This treatment may lead to substantial advance in effective treatment of skin cancers, and also, the company believes, conditions such as Psoriasis and warts.
For further information and/or copies of the leaflet, write to Deprenyl USA Inc, 3799 Route 46 Suite 301, Parsippany, NJ07054.Karen's Clippings
These cuttings were obtained by my ex-companion, Karen Griffin, from the daily papers she buys:
More Death Bungles
The Sunday Times of 28 June reported that a Chinese teenager passed out after drinking some alcoholic beverages. His family secretly buried him at his village at Hubei, near Peking. (In China, burial is forbidden in favour of burning.) Three days later officials discovered the burial and ordered the body to be exhumed and cremated. When the coffin was opened, it was found that the boy had only been unconscious when buried, but he died trying to claw his way out of the coffin.
San Francisco Experiment Appears to Show Value of Prayer
The first of two clippings from She of June 1991 tells of an "experiment" performed at a San Francisco hospital by members of local churches. They selected a group of 400 patients, which were split into to groups. One group received prayer by the churchmen, and the other only the best of modern medicine. Only three of the prayed for patients received further heart attacks as opposed to 14 in the other group.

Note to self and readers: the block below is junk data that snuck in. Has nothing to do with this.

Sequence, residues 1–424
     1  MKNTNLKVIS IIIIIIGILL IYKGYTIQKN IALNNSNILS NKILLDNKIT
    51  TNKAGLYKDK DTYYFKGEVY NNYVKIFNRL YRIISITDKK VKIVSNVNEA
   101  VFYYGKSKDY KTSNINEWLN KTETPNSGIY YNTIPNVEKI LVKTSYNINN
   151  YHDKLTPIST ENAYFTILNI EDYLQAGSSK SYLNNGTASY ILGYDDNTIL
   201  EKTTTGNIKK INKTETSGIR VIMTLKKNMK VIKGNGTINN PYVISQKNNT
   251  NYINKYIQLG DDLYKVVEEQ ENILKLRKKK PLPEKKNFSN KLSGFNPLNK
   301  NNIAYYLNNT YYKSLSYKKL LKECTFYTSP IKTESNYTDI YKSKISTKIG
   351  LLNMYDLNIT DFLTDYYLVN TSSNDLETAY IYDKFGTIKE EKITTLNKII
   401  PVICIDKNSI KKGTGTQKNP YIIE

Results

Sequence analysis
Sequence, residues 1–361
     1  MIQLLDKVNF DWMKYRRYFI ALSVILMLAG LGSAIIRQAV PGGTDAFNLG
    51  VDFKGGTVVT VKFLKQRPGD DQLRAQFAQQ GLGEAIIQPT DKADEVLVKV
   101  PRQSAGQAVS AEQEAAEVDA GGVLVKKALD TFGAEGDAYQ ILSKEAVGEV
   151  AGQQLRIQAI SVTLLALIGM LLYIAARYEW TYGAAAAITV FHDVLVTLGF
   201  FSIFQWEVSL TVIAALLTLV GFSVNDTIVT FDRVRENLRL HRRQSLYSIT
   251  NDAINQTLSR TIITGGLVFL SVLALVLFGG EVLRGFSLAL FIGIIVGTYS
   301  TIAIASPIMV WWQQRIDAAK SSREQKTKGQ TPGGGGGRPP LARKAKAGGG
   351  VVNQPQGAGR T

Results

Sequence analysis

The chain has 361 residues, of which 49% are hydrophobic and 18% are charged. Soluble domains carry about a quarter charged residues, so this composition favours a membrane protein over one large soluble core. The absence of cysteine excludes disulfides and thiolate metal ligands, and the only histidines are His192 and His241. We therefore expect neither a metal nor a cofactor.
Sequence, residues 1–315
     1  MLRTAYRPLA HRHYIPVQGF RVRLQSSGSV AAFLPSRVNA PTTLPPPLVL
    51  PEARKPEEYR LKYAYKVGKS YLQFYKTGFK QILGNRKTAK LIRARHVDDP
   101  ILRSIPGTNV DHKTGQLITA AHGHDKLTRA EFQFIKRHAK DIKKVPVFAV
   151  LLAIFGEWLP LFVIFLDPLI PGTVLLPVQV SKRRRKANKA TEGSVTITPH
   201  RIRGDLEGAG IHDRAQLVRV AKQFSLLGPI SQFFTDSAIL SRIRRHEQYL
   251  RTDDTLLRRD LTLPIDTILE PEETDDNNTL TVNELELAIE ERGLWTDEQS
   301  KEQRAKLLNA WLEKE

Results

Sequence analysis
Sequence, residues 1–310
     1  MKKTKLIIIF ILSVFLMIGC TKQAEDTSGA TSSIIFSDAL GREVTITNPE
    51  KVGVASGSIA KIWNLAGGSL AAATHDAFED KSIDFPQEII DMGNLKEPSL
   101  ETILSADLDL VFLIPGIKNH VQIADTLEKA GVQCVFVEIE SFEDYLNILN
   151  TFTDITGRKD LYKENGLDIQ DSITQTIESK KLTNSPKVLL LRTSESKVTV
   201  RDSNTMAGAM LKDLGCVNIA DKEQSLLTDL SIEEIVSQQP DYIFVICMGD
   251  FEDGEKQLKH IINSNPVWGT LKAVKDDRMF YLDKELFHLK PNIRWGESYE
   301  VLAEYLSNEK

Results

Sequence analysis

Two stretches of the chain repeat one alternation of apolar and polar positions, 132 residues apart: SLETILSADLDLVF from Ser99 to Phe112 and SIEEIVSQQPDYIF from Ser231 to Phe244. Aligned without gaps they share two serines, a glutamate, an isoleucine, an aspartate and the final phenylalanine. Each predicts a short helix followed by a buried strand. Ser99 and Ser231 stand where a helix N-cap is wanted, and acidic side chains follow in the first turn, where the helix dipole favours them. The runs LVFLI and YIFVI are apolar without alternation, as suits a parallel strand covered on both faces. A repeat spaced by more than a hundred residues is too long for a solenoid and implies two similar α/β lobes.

I wonder then, why the British Royal Family don't live to an enormous age, considering the words of the British national anthem, sung so many times each year by believers and non- believers alike?
This story also says something about the way drugs are tested too!
Grapefruit Juice helps the Pills go Down
The second item is more useful. It says that if you want to get the most from a tablet-type drug then take it with grapefruit juice.
Doctors in a heart drug trial found that some people had three times as much of the active drug in their systems as others, and discovered that these people had taken their tablets with grapefruit juice. Other fruit juices did not have the same effect.
More Strangeness Amongst the Deathists
In The News of the World of 26 July the bizarre habits of a user of Manchester Airport caused the bomb alarm to go off. Security men found him carrying a tin of ashes. "I carry her everywhere" said the man. The ashes were the cremated remains of his wife.
Cremation Prices Flare Upwards